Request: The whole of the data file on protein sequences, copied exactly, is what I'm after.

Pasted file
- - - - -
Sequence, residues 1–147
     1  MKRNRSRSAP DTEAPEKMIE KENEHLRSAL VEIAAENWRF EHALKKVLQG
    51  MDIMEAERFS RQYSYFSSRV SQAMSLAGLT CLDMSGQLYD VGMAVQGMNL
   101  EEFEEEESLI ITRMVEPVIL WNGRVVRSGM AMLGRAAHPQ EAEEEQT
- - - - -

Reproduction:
Sequence, residues 1–147
     1  MKRNRSRSAP DTEAPEKMIE KENEHLRSAL VEIAAENWRF EHALKKVLQG
    51  MDIMEAERFS RQYSYFSSRV SQAMSLAGLT CLDMSGQLYD VGMAVQGMNL
   101  EEFEEEESLI ITRMVEPVIL WNGRVVRSGM AMLGRAAHPQ EAEEEQT